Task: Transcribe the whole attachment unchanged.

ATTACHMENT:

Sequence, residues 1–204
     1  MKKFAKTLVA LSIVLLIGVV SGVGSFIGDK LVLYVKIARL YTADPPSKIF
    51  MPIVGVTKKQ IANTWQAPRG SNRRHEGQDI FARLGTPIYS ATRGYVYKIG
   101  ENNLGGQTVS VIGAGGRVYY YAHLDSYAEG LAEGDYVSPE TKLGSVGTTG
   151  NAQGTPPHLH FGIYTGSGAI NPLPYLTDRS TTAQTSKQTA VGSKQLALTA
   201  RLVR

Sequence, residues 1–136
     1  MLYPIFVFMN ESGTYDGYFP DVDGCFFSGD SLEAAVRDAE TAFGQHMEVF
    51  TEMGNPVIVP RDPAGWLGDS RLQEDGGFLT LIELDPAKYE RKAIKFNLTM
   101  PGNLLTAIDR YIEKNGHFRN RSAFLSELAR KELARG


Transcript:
Sequence, residues 1–204
     1  MKKFAKTLVA LSIVLLIGVV SGVGSFIGDK LVLYVKIARL YTADPPSKIF
    51  MPIVGVTKKQ IANTWQAPRG SNRRHEGQDI FARLGTPIYS ATRGYVYKIG
   101  ENNLGGQTVS VIGAGGRVYY YAHLDSYAEG LAEGDYVSPE TKLGSVGTTG
   151  NAQGTPPHLH FGIYTGSGAI NPLPYLTDRS TTAQTSKQTA VGSKQLALTA
   201  RLVR

Sequence, residues 1–136
     1  MLYPIFVFMN ESGTYDGYFP DVDGCFFSGD SLEAAVRDAE TAFGQHMEVF
    51  TEMGNPVIVP RDPAGWLGDS RLQEDGGFLT LIELDPAKYE RKAIKFNLTM
   101  PGNLLTAIDR YIEKNGHFRN RSAFLSELAR KELARG